Expectations are set high for the BlackBerry to be a hit out of the gate, and executives at both the smartphone maker and the telecom carriers took no chances as they crafted a bombastic debut for the device.
Still, gleaning any certainty from what happened is nearly impossible.
In downtown Toronto, a flurry of activity unfolded at a Rogers store where the company paired its chief executive Nadir Mohamed with BlackBerry CEO Thorsten Heins for a photo opportunity before 24 specially-invited customers picked up their preordered phones for the cameras.
The duo then headed across the city to talk about the future of telecom to a Bay Street audience at the Empire Club of Canada.
Elsewhere, fellow wireless carrier Bell proclaimed that preorders for the new phone broke its previous records for BlackBerry presales.
"We're seeing intense interest today — sales are quite robust," spokesman Albert Lee said in an email.
But the company couldn't provide sales data for either the new phones or the previous models sold years ago. The secrecy around Bell's sales claims was for "competitive reasons," Lee said.
At Rogers (TSX:RCI.B), Mohamed said that "thousands have registered for the device" through the telecom company's website, though he did not provide any specific figures.
Telus added: "We have seen a very positive response from our customers," while declining to provide figures.
Anecdotes from the U.K., where the phone launched last week, suggest the new BlackBerry is selling at a steady pace. Some stores have reported running out of the device, though it's unclear how many units the locations had received before their inventory dried up.
"It doesn't really tell us much," said Carl Howe, vice-president of consumer research at Yankee Group. "But I'm sure BlackBerry was cautious in how they stocked things."
The smoke and mirrors approach around a product launch has become almost expected by the cynical consumer, but it can also prove critical to a product's success and part of the marketing effort.
Howe suggests that in the case of the BlackBerry, it's necessary.
"They are undoubtedly worried and they don't want to create a bad first impression," said Howe.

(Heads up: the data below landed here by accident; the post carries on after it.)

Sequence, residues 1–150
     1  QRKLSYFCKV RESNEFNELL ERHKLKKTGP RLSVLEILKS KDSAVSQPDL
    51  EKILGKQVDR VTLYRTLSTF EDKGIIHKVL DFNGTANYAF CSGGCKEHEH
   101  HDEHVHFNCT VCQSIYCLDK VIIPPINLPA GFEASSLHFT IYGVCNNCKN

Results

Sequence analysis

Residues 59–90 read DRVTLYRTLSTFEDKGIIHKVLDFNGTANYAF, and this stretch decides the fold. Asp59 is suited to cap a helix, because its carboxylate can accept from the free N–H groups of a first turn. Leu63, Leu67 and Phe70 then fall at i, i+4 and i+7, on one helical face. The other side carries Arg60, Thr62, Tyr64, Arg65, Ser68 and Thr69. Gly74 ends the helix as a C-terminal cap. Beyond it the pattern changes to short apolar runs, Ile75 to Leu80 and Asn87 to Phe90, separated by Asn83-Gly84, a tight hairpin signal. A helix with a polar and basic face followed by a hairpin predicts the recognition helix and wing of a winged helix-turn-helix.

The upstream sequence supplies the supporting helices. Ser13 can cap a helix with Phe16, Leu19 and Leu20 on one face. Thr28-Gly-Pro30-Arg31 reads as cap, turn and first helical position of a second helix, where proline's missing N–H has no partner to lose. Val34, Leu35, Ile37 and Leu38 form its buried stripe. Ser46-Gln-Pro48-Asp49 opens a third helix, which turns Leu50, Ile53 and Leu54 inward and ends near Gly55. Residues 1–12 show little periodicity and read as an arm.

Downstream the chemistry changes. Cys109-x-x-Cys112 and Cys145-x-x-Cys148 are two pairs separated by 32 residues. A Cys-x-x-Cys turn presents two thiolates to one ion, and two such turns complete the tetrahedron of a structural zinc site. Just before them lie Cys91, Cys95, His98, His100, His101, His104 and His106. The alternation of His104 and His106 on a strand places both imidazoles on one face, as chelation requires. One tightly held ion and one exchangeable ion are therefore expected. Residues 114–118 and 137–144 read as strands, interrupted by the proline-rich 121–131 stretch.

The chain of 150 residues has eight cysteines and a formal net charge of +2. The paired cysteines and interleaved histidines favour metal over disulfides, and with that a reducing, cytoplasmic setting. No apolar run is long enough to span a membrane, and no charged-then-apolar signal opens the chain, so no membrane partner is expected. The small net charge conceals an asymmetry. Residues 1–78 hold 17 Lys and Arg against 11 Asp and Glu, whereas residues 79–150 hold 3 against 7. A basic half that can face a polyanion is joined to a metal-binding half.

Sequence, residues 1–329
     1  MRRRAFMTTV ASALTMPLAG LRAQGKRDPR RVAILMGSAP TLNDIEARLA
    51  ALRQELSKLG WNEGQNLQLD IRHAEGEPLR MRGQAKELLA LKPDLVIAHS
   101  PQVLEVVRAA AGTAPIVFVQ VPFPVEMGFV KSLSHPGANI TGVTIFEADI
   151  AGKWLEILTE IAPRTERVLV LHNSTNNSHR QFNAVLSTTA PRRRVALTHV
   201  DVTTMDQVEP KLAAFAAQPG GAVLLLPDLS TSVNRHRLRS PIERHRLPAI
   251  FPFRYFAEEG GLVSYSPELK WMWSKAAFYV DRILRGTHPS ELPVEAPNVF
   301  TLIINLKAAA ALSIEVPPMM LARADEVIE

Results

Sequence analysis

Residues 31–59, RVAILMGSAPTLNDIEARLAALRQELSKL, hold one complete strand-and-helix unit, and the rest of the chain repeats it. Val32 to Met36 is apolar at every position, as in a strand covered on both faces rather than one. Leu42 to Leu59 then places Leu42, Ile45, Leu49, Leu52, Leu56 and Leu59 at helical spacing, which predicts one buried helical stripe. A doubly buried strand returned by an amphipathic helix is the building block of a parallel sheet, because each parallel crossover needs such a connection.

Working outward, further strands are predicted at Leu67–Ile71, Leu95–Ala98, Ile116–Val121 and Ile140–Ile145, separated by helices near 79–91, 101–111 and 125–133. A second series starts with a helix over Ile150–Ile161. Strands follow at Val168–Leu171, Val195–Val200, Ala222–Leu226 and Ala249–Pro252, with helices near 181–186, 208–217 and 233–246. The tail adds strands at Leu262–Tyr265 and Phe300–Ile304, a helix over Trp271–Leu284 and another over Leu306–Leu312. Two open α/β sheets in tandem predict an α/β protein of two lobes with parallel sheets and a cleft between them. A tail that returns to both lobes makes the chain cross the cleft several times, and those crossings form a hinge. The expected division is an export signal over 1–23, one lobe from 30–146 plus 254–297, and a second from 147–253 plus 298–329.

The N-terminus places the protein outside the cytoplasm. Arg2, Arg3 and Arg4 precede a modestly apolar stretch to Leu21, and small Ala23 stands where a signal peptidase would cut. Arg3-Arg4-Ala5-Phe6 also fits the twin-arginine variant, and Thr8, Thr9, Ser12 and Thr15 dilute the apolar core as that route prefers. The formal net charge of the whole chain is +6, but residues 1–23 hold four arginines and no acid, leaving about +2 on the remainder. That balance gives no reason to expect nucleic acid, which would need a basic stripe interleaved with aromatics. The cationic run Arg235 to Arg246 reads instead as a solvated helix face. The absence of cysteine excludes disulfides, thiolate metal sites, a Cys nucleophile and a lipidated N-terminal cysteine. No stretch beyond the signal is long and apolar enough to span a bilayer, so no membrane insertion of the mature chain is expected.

"I think it's smart ... I think it's exactly what they should be doing.
"Everybody is watching."
BlackBerry, once the dominant smartphone, is competing in a technology world that has undergone massive change over the past few years, and not just in its hardware.
If a product doesn't blow the doors off early, then it's often considered a dud, especially with the Apple factor, which sets the bar of success at almost unattainable massive lineups and wildly enthusiastic customers.
BlackBerry was burned in 2011 when it failed to reach Apple's sales standard with the PlayBook tablet, a product that was fumbled at its launch and has never recovered.
Despite several hits to the BlackBerry brand, including two major delays of this phone model, the Rogers event in Toronto proved there are still many BlackBerry loyals.
"Twelve years with the same company and I haven't switched," said Joseph Santos, who works as an IT manager in Toronto.
"Being the head of an IT department, there was a lot of pressure to go to an Android phone. I kind of fought them off. This is my last stand here."
The new BlackBerry is expected to sell for around $150 on a three-year contract. Koodo is selling it without a contract for $550.
Katie Strong, a resident of Innisfil, Ont., drove about an hour to be at the Toronto launch event.
"I still have the Bold 9900 — I love it," she said.
"I'm going to keep it, just as a backup, I guess. It's a big thing to go to the new one, but I thought I'd try it."
The new BlackBerry is also enticing converts like Duc Thach, a Gravenhurst, Ont. resident who has spent years on an iPhone.
"I like it because they're Canadian," he said, noting he did a lot of research before buying.
"Between the iOS (the iPhone operating system) and Android, they look kind of stale now."
Heins called it a "big day for BlackBerry."
"We've come a long way, we've built a whole new platform with the BlackBerry 10, not just a new smartphone," he said at the Rogers store event.
While he's disappointed the BlackBerry is not yet available in the U.S., Heins said its debut stateside next month will likely be helped by the earlier Canadian launch.
"Canada will be raving about the BlackBerry Z10 and consequently will influence the U.S. market," he said.
Heins said the BlackBerry's launch into the United States, the company's biggest customer base by far, is coming later because of the extensive testing required by the U.S. carriers and the regulatory process.
Later Tuesday, he told a crowd of business executives at the Empire Club that for the past three weeks, he's used the device along with BlackBerry's tablet, Playbook, instead of a laptop.
"I really wanted to test it out myself so I abandoned my laptop," Heins said.
"I handed it back to IT, I said, 'Here it is guys, you do whatever you want to do. I want to live in the mobile computing space myself.'"
Meanwhile, fans of the phone's physical keyboard will have to wait a while longer — the new keypad version of the device won't launch until sometime in April.
While the physical keyboard has long been an essential and beloved tool of so-called CrackBerry addicts, the move to release the touchscreen first was signalled by the company last spring.
The stock has been volatile in the wake of the launch of the new BlackBerry 10 product lineup.
Part of the issue was profit-taking following a huge run-up on anticipation about the new product. But availability has become an issue as U.S. customers won’t be able to get the BlackBerry Z10 until March, a month later than in Canada.
Shares of the company were up again Tuesday in Toronto, gaining six per cent or 95 cents to close at $15.94.
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